Skip to comments.Worship diversity or else
Posted on 06/25/2003 12:27:35 AM PDT by sarcasm
Monday's two Supreme Court decisions on the use of race-based preferences at the University of Michigan were a near-perfect example of what you get when judges act like legislators.
Legislators are supposed to look at a specific problem, listen to all affected groups, examine all the proposed remedies and fashion one that will attract the necessary votes.
Judges, in contrast, are supposed to consider the facts, examine the Constitution, the law and prior cases and issue principled decisions.
The Supreme Court hasn't done that. Instead, court majorities were fashioned to strike down the obvious numerical quota at the undergraduate level while upholding a less obvious preference policy at the law school.
The law school decision is the critical ruling because it so clearly turns its back on the plain language of the Constitution and ignores court precedent.
For good or ill, the Supreme Court has now enshrined the term "diversity" and declared that it (however defined) produces educational benefits that justify the consideration of race in college admission policies.
The court's decision, however, is quite fuzzy on the issue of what benefits diversity produces. It refers to society, the general citizenry, the college, the student body, etc., but it is quite vague as to exactly what the benefits are. The court majority merely says that the pursuit of those benefits amounts to a compelling state interest and that such pursuit does not violate the 14th Amendment's equal protection clause.
The court openly acknowledges that public colleges and universities can now continue or adopt a variety of admission policies that are intended to produce diversity. The court majority "expects" that the use of some race-based admissions policies will be necessary for 25 years. After that time, presumably, the enrollment gaps between racial minorities and whites will have been eliminated. How it knows this is not explained.
So here we have a court that invites the nation to join it in the hope that a little racial discrimination over a quarter of a century or so will lead to a society in which discrimination is no longer necessary. That is a long way from the court's assigned mission of interpreting the Constitution, a document that quite clearly prohibits discrimination based on race.
Thank goodness that four justices filed stinging dissents, each of which demonstrates the magnitude of the court's error.
Chief Justice William Rehnquist and Justice Clarence Thomas filed especially strong opinions. Rehnquist took issue with the majority's willingness to defer to the university, pointing out that the law school's admissions policy was not narrowly tailored to address past state discrimination. He included in his dissent a chart that showed the law school has consistently admitted about the same percentage of black, Hispanic and Native American applicants. The admissions policy at bottom, Rehnquist said, is nothing more than the kind of racial balancing that the court majority itself proclaims is unconstitutional.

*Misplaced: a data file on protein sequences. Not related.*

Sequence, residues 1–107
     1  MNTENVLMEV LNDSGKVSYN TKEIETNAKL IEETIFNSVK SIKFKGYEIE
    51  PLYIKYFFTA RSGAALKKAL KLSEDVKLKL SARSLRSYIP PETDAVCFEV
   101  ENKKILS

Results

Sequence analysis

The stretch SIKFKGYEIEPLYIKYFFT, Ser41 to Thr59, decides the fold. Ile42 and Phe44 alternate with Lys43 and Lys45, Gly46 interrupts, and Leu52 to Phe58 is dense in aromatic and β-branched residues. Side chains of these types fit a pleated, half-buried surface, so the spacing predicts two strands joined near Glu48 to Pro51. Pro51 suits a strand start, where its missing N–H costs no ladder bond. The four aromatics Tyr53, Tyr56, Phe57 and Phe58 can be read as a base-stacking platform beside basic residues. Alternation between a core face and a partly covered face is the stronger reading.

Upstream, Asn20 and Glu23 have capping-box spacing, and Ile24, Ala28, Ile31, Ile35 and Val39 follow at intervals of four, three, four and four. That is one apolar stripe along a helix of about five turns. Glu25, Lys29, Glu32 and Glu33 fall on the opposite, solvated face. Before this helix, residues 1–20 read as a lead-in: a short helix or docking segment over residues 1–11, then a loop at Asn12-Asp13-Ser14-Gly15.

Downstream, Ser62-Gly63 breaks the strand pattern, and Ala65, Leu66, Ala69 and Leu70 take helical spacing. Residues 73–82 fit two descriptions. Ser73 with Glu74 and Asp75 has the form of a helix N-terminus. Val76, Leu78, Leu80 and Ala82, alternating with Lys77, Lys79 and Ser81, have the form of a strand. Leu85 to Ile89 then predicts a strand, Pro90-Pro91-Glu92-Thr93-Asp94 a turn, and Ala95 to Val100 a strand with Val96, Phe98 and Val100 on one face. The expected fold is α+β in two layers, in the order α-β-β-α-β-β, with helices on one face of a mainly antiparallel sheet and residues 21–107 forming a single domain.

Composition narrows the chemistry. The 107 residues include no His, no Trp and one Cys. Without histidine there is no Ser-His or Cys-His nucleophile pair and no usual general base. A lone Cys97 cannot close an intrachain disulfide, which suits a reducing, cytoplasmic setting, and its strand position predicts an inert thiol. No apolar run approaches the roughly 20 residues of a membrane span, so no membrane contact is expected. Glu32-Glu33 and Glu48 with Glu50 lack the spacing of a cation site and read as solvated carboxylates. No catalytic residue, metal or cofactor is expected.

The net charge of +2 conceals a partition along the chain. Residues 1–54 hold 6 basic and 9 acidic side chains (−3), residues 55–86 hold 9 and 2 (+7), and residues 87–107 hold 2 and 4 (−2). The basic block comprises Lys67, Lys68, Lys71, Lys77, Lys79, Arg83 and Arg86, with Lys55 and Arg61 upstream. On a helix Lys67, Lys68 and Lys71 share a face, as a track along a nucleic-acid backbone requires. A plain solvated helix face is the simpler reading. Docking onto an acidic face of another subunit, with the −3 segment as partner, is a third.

Thomas, as is his custom, went directly to the heart of the matter. The court majority, he said, failed to show that the supposed benefits of diversity constitute a compelling state interest. There isn't even a compelling interest in whether Michigan has a law school, he said, noting several states don't have a single accredited law school.
What the Michigan case was about, he said, was whether an elite law school can use racial preferences to enroll an agreeable racial mix of students while still maintaining its elite status.
As to any educational benefits, he said, they certainly are not bestowed on the minority students.
"The court," Thomas said, "spends considerable time discussing the impressive display of amicus support for the Law School in this case from all corners of society ... but nowhere in any of the filings in this Court is any evidence that the purported 'beneficiaries' of this racial discrimination prove themselves by performing at (or even near) the same level as those students who receive no preferences."
Finally, Thomas said, "I believe what lies beneath the Court's decision today are the benighted notions that one can tell when racial discrimination benefits (rather than hurts) minority groups ... and that racial discrimination is necessary to remedy general societal ills."
If he is right (and he surely is), must the nation wait 25 years to correct it?
God, I am sick of this stuff. Reading the recent articles this morning makes me think I will not log on to FR for the rest of the day because I am getting too angry.
In all honesty, asking someone if they have a better "experience" in class that is diverse, is kind of like asking them if they are racist. Of course, they are going to say they, "No, I'm not racist".
Can you honestly say that they would respond: "I hated my class because there was Jew/Black/Asian/Pole in my class". No way.
I have never seen any report or study that proves that forced diversity causes students to learn better. Possibly in a social studies class but other than that, I doubt if it can be proven.
Forced diversity is a pandemic. It forces us to focus on what makes us different rather than what we have in common. That is the root of the racial and cultural strife over the last 15 years.
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